The Logic App Designer is built on a “if this happens then do that” flow.
When you first launch the Logic App Designer on a new Playbook you are shown the below wizard.
For this Playbook I’m going to select the second option “Post message to Teams channel and send email notification”.
The first step in configuring this template is to allow the Playbook to use your email and Teams for notifications. You must sign into your account for these two services.
This Playbook template will send you a notification when a security center alert is generated. It notifies you via email for low priority alerts, and via Teams for high priority alerts. Of course, you can change those around, or even set it to alert you via different methods if you’d like.
If those options don’t work for you, you can of course modify the Playbook. In this Playbook, I scrolled down and selected “Add a step” and choose an “Add an action”. This gave me a chooser with 290 separate actions I can add to this Playbook.
Playing with these Playbooks a little bit will quickly show you that they are potentially very powerful but will take some effort to figure out completely.
Playbooks in Action
I wanted to add a bit in here about what it looks like when a Playbook kicks in and does stuff. Let’s look at one of my test Playbooks.
This Playbook sends me an email when an alert is generated in the Azure Security Center.
This is a two step Playbook, and there really isn’t much to configure in that first step. I can dive into the actual code used by image designer, but I’m just not that good of a programmer. The real configuration I can do is on the second step.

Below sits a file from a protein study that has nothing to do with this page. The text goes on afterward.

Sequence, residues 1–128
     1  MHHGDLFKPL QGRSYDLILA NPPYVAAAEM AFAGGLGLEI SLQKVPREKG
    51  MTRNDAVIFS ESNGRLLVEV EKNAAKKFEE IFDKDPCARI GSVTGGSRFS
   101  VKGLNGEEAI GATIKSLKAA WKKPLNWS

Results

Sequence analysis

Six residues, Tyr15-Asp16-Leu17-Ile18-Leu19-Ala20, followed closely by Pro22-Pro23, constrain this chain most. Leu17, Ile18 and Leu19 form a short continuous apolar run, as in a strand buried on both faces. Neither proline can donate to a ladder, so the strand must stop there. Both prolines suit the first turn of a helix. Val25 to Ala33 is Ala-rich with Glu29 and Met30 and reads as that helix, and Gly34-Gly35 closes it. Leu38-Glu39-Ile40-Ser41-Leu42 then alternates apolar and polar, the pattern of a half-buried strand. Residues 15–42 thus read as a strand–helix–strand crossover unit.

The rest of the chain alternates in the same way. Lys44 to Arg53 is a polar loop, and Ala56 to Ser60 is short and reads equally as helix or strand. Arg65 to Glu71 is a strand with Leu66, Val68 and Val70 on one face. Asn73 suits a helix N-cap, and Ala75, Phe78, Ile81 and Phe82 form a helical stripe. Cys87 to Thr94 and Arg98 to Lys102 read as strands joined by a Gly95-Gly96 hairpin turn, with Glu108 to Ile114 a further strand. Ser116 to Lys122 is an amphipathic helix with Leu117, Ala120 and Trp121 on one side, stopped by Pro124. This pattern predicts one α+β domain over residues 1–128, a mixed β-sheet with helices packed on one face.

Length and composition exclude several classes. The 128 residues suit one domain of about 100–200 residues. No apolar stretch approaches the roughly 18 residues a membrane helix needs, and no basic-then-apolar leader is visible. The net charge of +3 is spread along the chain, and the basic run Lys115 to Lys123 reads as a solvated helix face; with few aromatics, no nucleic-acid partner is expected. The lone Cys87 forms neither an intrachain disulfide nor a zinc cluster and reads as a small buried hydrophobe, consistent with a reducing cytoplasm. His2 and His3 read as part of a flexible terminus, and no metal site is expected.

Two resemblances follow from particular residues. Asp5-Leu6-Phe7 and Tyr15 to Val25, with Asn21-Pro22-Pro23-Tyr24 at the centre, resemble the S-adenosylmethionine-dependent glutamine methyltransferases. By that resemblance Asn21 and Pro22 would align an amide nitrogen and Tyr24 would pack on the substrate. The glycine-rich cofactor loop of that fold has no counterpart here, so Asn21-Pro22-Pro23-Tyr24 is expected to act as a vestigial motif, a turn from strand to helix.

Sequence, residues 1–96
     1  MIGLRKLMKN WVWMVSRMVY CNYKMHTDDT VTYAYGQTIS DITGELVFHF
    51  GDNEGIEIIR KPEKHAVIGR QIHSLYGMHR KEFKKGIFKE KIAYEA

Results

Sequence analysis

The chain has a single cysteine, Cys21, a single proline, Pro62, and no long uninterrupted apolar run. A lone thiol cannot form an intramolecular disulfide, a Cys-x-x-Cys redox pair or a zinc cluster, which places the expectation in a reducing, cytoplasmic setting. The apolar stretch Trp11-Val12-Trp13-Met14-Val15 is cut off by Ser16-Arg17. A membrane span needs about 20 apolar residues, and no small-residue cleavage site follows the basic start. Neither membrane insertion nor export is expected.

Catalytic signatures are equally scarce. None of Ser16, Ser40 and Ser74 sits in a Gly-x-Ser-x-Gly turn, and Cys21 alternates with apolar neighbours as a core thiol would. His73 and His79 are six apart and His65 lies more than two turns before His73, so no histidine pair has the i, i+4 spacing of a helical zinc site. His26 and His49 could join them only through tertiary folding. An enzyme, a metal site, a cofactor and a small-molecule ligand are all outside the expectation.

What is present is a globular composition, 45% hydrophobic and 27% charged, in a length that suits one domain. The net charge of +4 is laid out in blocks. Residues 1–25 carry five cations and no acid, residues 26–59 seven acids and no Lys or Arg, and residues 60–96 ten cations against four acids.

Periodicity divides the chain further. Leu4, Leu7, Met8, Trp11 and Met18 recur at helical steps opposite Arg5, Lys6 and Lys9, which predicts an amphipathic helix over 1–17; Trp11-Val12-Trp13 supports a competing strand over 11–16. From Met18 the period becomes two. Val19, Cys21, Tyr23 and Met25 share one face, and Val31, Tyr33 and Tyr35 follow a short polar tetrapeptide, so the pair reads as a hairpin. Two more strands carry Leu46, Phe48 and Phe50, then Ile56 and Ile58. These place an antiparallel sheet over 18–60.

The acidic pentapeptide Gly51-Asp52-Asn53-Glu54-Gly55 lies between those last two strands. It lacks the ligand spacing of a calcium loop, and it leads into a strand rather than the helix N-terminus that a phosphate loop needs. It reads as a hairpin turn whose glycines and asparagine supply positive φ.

The “Send an email” step is where I can configure what happens in this Playbook.
Here you can see the information I have choose to send to myself in this Playbook alert. You can see the content of the email that will be generated when there is a Security Center alert. In the screenshot above you can see I tried to send the email from Azure@Microsoft.com, but it turns out it won’t let me use that as a source address.
After modifying the email to send me the information I want about this alert, I’m going to test it. I can do that by hitting the “Run” button at the top of the page. When I do, I receive the email shown below.
There really isn’t anything in this email because there wasn’t a real security alert. If there had been a real security alert, there would be dynamically generated information in this email about that alert.
Security Playbooks are an exciting new feature in Azure that can help automate some of the responses you may want to take for specific events within your Azure tenant. Any powerful tool in a cloud service is going to take a bit of time to completely flesh out. Security Playbooks are still in preview as of this writing, so don’t expect a fully baked solution right now.
If you put some time into learning the possibilities, I think Security Playbooks can be a great new tool for Azure administrators.